Monitoring and routine controls reduce the risk of losses through fraud and suboptimal decision-making. The controls also create an environment which discourages corruption and enables instances of fraud and the to be detected.
Routine controls are the detailed internal controls that are embedded within the operations of the organization. They consist of prevention and detection/monitoring controls. Prevention controls restrict an unintended activity from occurring. Detection controls aim to identify activities that have occurred but were not planned.
Controls can also be considered as organizational, physical and personnel based. Organization controls set the structure of the entity and ensure the adequate segregation of duties to minimize fraud and collusion. Physical controls ensure the safeguarding of assets, the authorization and approval of transactions and the presence of accounting controls. Personnel controls include ensuring the recruitment of suitably qualified personal, adequate supervision and management oversight.
UNDP has assisted health programmes, including those funded by the Global Fund to Fight AIDS, Tuberculosis and Malaria (Global Fund), to improve monitoring and routine controls. This includes by:
sensitizing health personnel on the importance of monitoring and routine controls to reduce the risk of losses through fraud and bad decision-making
developing specific tools, methodologies and good practices in response to high corruption risks within the health sector (refer to the section on anti-corruption for health to learn more about UNDP’s approach to corruption prevention).
working with ministries of health to improve existing national systems and procedures with robust systems of monitoring and routine controls within health programmes
where weak controls are identified, working with national partners to develop an action plan and propose interim alternative arrangements, alongside the implementation of measures to support the long-term goal of strengthening overall financial controls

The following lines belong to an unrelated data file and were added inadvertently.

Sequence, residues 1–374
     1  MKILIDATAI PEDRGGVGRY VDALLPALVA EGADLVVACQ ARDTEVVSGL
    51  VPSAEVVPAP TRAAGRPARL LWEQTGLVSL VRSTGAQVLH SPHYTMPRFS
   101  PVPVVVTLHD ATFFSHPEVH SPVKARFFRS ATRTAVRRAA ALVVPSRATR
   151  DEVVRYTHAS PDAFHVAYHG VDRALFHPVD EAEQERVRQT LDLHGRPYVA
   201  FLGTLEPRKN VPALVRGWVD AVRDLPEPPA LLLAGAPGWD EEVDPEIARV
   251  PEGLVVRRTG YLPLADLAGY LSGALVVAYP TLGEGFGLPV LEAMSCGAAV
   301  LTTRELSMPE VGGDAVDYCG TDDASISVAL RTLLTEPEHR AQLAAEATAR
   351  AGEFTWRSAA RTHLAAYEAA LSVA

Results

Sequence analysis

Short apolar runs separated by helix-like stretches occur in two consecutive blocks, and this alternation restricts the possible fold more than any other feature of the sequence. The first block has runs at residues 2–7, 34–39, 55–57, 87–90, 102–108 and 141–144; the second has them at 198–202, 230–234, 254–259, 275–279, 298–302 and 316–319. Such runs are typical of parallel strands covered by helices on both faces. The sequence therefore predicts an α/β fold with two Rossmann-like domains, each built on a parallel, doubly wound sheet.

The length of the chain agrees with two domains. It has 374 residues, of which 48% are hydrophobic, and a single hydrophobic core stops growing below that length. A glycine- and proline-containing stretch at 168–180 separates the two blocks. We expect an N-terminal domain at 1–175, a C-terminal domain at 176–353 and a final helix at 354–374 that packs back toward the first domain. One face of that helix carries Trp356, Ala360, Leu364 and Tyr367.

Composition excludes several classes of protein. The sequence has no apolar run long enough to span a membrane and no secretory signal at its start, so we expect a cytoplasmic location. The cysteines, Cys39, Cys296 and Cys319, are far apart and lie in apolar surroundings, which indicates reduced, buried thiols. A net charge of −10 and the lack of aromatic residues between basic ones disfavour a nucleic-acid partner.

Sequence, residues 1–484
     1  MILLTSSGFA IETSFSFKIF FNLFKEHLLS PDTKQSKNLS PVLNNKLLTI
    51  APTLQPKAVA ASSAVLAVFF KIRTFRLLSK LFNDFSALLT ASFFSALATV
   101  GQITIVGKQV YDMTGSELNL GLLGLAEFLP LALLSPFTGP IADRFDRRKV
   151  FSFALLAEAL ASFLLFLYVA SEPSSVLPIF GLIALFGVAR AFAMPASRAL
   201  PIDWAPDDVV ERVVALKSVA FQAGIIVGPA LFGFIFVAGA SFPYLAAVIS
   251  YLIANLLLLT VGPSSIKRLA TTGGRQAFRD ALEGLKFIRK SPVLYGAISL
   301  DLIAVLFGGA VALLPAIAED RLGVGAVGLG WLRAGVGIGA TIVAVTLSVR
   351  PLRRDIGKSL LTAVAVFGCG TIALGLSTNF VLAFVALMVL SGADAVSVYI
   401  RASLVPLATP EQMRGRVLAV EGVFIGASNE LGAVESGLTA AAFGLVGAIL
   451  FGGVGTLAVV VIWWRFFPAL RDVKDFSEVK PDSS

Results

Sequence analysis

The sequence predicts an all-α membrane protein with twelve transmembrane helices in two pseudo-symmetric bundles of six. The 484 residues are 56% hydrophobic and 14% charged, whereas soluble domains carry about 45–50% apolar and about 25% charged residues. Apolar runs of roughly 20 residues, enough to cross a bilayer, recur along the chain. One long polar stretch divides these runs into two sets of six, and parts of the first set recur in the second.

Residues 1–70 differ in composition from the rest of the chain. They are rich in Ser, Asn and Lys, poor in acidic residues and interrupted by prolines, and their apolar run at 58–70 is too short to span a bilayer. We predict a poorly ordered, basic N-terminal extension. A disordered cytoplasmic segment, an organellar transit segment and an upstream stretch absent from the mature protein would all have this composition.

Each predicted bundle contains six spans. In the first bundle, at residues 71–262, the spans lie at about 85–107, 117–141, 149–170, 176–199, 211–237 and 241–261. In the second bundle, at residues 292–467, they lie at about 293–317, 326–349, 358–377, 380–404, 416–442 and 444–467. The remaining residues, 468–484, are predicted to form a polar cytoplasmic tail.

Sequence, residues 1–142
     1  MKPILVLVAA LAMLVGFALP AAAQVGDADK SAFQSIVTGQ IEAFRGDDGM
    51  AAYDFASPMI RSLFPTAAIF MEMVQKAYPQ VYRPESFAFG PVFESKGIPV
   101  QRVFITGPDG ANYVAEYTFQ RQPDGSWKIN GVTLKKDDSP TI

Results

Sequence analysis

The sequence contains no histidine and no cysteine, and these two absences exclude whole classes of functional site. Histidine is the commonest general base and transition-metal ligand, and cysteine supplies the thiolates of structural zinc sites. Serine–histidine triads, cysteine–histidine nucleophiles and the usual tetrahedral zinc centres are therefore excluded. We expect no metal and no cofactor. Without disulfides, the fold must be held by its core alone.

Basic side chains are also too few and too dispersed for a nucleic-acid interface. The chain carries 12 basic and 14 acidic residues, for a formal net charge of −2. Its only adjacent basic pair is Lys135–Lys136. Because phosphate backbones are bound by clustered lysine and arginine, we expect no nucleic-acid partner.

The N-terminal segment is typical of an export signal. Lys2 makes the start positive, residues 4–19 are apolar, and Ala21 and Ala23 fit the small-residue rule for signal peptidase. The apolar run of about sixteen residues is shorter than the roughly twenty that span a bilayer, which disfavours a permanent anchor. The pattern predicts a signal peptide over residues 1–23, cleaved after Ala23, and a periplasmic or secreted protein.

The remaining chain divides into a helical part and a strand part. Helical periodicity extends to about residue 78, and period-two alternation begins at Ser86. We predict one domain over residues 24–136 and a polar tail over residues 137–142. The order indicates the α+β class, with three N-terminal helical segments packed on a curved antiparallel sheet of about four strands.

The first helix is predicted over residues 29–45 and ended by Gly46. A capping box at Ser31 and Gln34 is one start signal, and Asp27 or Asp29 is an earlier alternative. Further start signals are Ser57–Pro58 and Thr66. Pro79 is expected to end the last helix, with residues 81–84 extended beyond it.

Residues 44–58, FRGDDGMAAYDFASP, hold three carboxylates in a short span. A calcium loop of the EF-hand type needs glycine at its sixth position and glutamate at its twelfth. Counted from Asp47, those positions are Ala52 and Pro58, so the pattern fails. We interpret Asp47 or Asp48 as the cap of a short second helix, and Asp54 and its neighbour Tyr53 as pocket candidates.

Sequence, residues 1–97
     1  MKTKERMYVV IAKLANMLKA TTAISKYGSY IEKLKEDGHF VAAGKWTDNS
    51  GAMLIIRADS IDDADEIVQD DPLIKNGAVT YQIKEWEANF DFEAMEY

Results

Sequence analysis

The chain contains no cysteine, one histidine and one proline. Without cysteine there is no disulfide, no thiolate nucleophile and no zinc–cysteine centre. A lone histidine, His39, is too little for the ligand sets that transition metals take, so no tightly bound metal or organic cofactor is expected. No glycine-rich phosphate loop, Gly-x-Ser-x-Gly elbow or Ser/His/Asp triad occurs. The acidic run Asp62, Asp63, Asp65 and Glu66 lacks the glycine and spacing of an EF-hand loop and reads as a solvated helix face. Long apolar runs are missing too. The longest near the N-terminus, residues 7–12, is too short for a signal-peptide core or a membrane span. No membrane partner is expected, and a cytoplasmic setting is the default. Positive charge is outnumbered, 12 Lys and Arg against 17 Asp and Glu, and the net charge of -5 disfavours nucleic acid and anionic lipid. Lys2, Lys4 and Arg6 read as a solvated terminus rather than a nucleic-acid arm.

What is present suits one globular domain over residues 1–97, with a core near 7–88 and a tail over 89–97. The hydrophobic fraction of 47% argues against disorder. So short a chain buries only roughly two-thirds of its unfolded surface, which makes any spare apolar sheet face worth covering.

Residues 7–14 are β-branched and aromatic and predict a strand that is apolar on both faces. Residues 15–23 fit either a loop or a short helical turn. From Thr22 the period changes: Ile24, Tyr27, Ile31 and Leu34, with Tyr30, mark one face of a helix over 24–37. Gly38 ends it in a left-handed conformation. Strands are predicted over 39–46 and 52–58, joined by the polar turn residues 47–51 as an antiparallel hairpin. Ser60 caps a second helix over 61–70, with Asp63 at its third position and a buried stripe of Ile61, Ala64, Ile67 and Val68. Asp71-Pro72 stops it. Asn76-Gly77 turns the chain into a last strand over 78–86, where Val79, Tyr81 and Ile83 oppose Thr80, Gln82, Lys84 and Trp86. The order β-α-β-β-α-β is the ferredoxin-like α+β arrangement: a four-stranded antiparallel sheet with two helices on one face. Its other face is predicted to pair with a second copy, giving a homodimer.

providing technical support to civil society organizations and governments to 1) design and implement cost-effective monitoring and controls systems ensuring compliance with national legislation as well as international best practice; and 2) develop manuals, guidelines and standard operating procedures to establish routine internal controls for inducting new staff and training existing staff members using a capacity-assessment tool to help identify areas for strengthening monitoring and internal controls within health systems
identifying capacity-development milestones and indicators, including training needs, to measure improvements in the internal control environment facilitating training sessions and workshops for finance and non-finance staff working within health programmes, including on donor requirements, systems and routine controls.
Typical controls for financial management should include:
Controls over cash and bank
dedicated bank accounts (or sub-activities) where appropriate
physical controls over petty cash, including restricting the amount of petty cash held
at least two signatories required for payments
preparation of monthly bank reconciliations
review of bank reconciliations
regular petty cash counts
Controls over fixed assets
system for identifying fixed asset needs
systems to ensure physical security of assets
procedures to monitor use of assets, particular vehicles and computers and highly sensitive diagnostic equipment
insurance of assets in case of theft or damage
maintenance of fixed assets register
procedures for asset acquisition, transfer and disposal
periodic asset verification and reconciliation to fixed assets register
Segregation of duties
Segregation of duties should ensure that no single individual has sole responsibility for any single transaction from authorisation to completion and review.
While acknowledging that this may be challenging in small or rural settings, segregation of duties is an important tool for the deterrence and the detection of misuse of funds or assets.
Suggested capacity-development indicators
Suggested indicators to monitor improvements in monitoring and routine controls include:
Policies and procedures manuals are approved and available.
The policies and procedures are reviewed and updated every three to five years.
A certain percentage of staff confirm that they are aware of the whistle-blowing policy
The financial systems and procedures are reviewed by the external audits and assessed as good or satisfactory
A certain percentage of finance staff have been trained in standard operating procedures.
All bank accounts (including inactive accounts) are reconciled regularly and monthly bank reconciliations are available with evidence of review
A surprise petty cash count reveals no errors
Regular monitoring visits/spot checks are conducted
A certain percentage of fixed assets are insured
An inventory of fixed assets is available, and a physical verification has been undertaken in the last 12 months
New staff members are inducted within two weeks of arrival